“Quis custodiet ipsos custodes? – Who will watch the watchers?”
“Many commit the same crime with a very different result. One bears a cross for his crime; another a crown.”
“For no deity is held in such reverence amongst us as Wealth; though as yet, O baneful money, thou hast no temple of thine own; not yet have we reared altars to Money in like manner as we worship Peace and Honour, Victory and Virtue”
~ from “The Sixteen Satires” by Juvenal
Who hasn’t felt disconnected and weird before? I could probably say I have felt disconnected and weird for most of my life but, back to the Biebs.
I predict that his marriage will end at some point and he will go through a second bad-boy phase, really going on a tear.
Do I want the Biebs to suffer? Of course not, he’s adorable. Do I want to see him go on another bad-boy rampage where he gets rebellious and flips off society? I’d be lying if I said I didn’t, I’m a Subterranean. He has such vibrant bursts of youth, it is hard to be upset. The time he got all sloppy and peed in a bucket for all the world to see? Or when he got scrappy outside a club and picked a fight with with Orlando Bloom. It was hilarious.
The Biebs is looking for himself and it’s very hard to do because he became famous via YouTube when he was just a young boy and now he’s lost.
He was molded by the entertainment industry to fit a certain image, to sell records, to make people happy, make people $$$, and to basically be ON at all times. I sense that he once really enjoyed his fame quite a bit but he was still, again: a young boy who’s going to go through identity, social, and sexual crises. He just happened to go through all of this with billions of people watching. And he still is going through it, he’s only like 25, but he’s lived such a complicated and full life already. It appears that he enjoys the excitement but he also longs to just be a normal dude sometimes. He’s probably never going to have that.
I could watch the Justin Bieber roast over and over because it was brutal in all the best and most controversial ways and it demonstrated that a lot of other famous people realize how vulnerable he is and try to keep a support system around him. It’s also a bit endearing to watch Martha Stewart and Snoop Dogg instantly fall in love with each other in a haze of pot smoke but that’s a whole other story.
I’ve never had much interest in his music, I think I’ve only heard a couple of songs, one of them was pretty damn funny though. If he actually wrote the lyrics to that song I would say he’s a talented comedian as well.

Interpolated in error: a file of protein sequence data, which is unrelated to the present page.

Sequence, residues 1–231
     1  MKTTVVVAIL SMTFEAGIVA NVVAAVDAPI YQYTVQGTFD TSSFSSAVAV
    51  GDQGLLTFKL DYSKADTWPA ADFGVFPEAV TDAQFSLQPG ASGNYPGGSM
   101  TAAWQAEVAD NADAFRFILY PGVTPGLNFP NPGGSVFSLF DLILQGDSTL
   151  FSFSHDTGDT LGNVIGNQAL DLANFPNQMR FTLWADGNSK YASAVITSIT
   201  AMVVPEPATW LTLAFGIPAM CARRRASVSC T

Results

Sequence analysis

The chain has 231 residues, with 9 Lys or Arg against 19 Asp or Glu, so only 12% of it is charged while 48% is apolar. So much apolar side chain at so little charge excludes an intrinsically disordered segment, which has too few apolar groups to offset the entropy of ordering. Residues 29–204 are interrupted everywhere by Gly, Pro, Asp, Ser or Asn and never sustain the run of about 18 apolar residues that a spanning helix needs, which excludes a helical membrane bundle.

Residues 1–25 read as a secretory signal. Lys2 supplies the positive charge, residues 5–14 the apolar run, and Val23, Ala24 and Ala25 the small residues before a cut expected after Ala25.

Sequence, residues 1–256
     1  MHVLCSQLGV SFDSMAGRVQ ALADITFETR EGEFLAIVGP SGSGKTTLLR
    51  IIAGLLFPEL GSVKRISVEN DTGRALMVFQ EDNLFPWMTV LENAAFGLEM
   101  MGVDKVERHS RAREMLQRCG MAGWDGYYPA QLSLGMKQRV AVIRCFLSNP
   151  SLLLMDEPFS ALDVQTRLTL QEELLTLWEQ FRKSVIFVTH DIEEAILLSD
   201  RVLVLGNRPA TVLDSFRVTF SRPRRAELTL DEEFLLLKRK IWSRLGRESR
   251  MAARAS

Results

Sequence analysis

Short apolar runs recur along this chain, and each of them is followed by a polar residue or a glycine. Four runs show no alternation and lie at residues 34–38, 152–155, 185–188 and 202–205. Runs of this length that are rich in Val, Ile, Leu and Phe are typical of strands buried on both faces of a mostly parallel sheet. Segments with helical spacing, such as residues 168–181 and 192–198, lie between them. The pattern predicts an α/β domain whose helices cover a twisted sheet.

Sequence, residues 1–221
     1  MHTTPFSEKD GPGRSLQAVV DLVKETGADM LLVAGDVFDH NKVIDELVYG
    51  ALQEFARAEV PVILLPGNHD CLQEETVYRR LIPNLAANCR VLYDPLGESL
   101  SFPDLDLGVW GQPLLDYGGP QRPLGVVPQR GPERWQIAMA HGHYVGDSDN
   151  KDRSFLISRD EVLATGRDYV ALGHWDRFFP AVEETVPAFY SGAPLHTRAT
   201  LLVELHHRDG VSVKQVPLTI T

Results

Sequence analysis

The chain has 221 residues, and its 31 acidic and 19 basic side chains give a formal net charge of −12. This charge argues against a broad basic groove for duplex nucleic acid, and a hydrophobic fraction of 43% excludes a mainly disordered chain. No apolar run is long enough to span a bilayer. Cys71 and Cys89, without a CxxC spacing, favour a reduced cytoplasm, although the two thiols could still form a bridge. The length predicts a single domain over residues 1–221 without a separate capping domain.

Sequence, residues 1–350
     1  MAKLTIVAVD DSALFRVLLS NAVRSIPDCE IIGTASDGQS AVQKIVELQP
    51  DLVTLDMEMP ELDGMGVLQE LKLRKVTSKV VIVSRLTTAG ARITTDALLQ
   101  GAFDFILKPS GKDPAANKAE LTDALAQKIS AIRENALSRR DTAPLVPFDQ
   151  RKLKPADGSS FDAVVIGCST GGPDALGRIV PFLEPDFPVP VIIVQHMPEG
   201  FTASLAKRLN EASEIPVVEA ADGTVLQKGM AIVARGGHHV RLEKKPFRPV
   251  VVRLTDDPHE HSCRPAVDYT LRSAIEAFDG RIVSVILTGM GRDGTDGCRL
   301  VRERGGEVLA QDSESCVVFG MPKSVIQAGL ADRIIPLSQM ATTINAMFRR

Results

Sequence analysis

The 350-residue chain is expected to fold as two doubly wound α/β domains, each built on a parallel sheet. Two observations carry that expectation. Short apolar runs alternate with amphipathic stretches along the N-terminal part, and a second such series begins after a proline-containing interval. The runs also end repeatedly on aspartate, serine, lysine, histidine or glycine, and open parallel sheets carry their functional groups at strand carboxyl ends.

I saw a video of this 5 year old girl who was talking about how much she loved him. His dancing, his voice, how sweet he was to the audience, she was gushing. Then he walked into the room and surprised her and she totally lost it. She just burst into tears as he picked her up and hugged her like a sweet, older brother. He appeared to be a genuine, goofy kid.
Sure, he has made some mistakes and has said some really dumb things, but we all do. Luckily, most of us don’t have sociopathic paparazzi hiding in bushes; documenting our grave acts of idiocy in the name of passion.
I wonder if he feels disconnected and weird because his clothing line just came out and the deeper spiritual side of him was suddenly like: “I don’t give a fuck about this stupid shit” or “why, why does any of this matter and why am I here?” I remember asking myself this sometimes when I was a young ballet dancer, killing myself over things that suddenly seemed trivial and pointe-less.
I eventually checked out, went to strange lands. and observed the intense pressure to succeed just melt off of me. To witness extreme human suffering and understand that your life is beyond lucky. Maybe Biebs will do that too. I would love to see him go to a mountaintop and let the breezes wash over him while he reflects on some deep-ass shit. That would be amazing. But no, I take it back; I don’t want to see him. Let’s not watch him do this. Let him have “me time”. He has not had it in a while, if ever.
People go bananas over the Biebs. It’s a phenomenon. It must be hard to be surrounded by followers but feel so alone at the same time.
Having been called to do a mediation on Weds. evening has me reviewing briefs/scripts and settling into the summary: “neighbors fighting due to call to the cops.” This could be anything from a mild disturbance to a full-on war. I am ready to let it neutrally wash over me when they recount their sides and then take it from there.
King Berenger is a 400 year old narcissist who has traded his old wife in for a new and has lost sight of what truly matters. However, neither his second wife’s cloying love, his first wife’s harsh truths, his servants’ devotion, nor his quacky doctor can save him from demise.
I saw the play last night, which was raucous good fun, complete with an audience that laughed most of the night. It is worth watching but prepare yourself for a certain style in which you will not have an intermission and it will be fairly long. But that’s okay, just bring snacks!